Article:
• Lockheed’s IRST Stealth Detection Pod Passes AF Milestones

    17 juillet 2020 | International, Aérospatial

    Lockheed’s IRST Stealth Detection Pod Passes AF Milestones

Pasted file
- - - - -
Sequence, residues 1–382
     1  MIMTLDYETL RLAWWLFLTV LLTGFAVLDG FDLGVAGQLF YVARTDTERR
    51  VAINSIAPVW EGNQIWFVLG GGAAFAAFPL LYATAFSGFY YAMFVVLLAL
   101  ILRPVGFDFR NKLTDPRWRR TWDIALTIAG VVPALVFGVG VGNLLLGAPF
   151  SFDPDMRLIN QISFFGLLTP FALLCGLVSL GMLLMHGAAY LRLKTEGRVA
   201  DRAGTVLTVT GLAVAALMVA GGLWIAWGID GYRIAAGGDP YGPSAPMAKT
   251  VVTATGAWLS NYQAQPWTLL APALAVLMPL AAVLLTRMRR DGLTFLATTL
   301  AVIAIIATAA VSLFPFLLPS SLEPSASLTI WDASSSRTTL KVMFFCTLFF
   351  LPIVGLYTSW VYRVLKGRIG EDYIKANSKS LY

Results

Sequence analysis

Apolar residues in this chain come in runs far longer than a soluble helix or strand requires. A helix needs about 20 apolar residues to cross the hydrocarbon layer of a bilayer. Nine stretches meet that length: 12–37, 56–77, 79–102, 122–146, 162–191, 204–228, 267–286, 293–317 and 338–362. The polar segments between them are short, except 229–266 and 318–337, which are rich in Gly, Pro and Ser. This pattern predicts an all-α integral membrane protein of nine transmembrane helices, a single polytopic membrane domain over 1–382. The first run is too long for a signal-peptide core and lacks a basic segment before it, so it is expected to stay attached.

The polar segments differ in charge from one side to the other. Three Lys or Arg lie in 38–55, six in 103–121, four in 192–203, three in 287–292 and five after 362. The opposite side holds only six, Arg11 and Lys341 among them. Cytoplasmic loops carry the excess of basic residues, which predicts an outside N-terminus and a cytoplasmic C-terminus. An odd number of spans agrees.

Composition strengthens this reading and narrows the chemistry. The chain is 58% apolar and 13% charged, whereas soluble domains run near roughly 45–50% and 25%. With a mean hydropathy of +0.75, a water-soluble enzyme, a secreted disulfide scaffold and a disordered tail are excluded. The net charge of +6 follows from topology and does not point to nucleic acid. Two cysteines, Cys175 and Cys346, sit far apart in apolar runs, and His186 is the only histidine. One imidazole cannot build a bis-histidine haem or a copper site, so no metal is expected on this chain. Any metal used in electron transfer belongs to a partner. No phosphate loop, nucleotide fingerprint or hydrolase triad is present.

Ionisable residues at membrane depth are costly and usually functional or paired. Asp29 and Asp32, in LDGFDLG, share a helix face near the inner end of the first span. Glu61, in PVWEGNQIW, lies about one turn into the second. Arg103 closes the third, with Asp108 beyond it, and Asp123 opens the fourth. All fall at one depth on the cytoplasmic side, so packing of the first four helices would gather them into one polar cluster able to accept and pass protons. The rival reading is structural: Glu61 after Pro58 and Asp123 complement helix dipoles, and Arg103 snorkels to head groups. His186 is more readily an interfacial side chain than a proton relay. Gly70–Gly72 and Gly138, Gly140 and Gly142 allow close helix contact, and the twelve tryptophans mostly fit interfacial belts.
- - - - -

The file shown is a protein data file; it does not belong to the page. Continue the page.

"The Legion Pod uses an advanced IRST technology that gives 4th generation fighters the ability to 'see' stealth aircraft that traditional radar cannot," says an Air Combat Command spokesperson.  By   THERESA HITCHENSon July 16, 2020 at 3:37 PM WASHINGTON: The Air Force is a step closer to fielding the Legion Pod infra-red search and track (IRST) system on its F-15 and F-16 fleets — a passive sensor that gives pilots a long-range ability to track stealthy aircraft without giving away their own presence. The Lockheed Martin-built IRST system just passed two major testing milestones: the first shot of an AIM-9X air-to-air missile from an F-15C Eagle using the Legion Pod for targeting; and the first flight of an operational F-16 Fighting Falcon with the Legion Pod, Air Combat Command announced Tuesday in a press release. “This is exceptionally important, as the Legion Pod uses an advanced IRST technology that gives 4th generation fighters the ability to ‘see’ stealth aircraft that traditional radar cannot,” an Air Combat Command spokesperson says in an email. Because it uses infrared to track an airplane’s heat signature, the system isn’t affected by radar jamming. Further, IRST systems are passive, meaning the Legion Pod can act without emitting any radiation of its own that might allow an enemy to recognize they are being targeted. The Air Force is driving toward initial operational capability (IOC) for the Legion Pod by the end of the year, under a rapid testing program managed by the Operational Flight Program Combined Test Force (OFP CTF). The unit is unique in that it reports both to Air Combat Command and Air Materiel Command, and is empowered to do developmental and operational testing at the same time — unlike traditional sequential testing programs. “The OFP CTF’s work on the Legion Pod is done differently than the traditional acquisitions method,” Lt. Col. Thomas Moser, the unit’s commander, says in the press release. “We actually started testing the pod in a Pre-Developmental Test (DT) phase in early 2019 and got it to an eighty percent solution before it ever entered the official developmental phase. This ultimately allowed us to go through the developmental and operational testing quicker. What would normally take several years has been reduced to eighteen months from the start of DT to expected fielding.” The Air Force selected the Legion Pod to equip the F-15C fleet in 2017; and Lockheed Martin received a contract for the system from prime contractor Boeing in 2018 for development and low-rate initial production of 19 pods. “Currently, we are under contract for 38 LRIP systems,” Lockheed Martin spokesperson Dana Edwards Szigeti tells Breaking D in an email. “The next generation Block II systems are also under development with the U.S. Navy and we look to transition that to Legion Pod for the U.S. AF and Air National Guard over the next few years. Block II significantly increases system performance.” The new F-15EX jets also will be compatible with the pod, according to Boeing’s program manager Prat Kumar — although there isn’t a formal contract yet. The system is based on Lockheed Martin’s IRST21 sensor, also being used by the Navy in its Block III F/A-18E/F Super Hornet fleet. In addition, Lockheed in May received an indefinite delivery/indefinite quantity (ID/IQ) contract, worth up to $485 million, that will allow the US military services and allies to buy the IRT21 sensor, as well as other sensor products such as the Sniper Advanced Targeting Pod and the LANTIRN Extended Range pod, for five years at pre-set price points. That contract vehicle will allow the Air Force to equip the F-16 fleet with the Legion Pod, Edwards Szigeti said.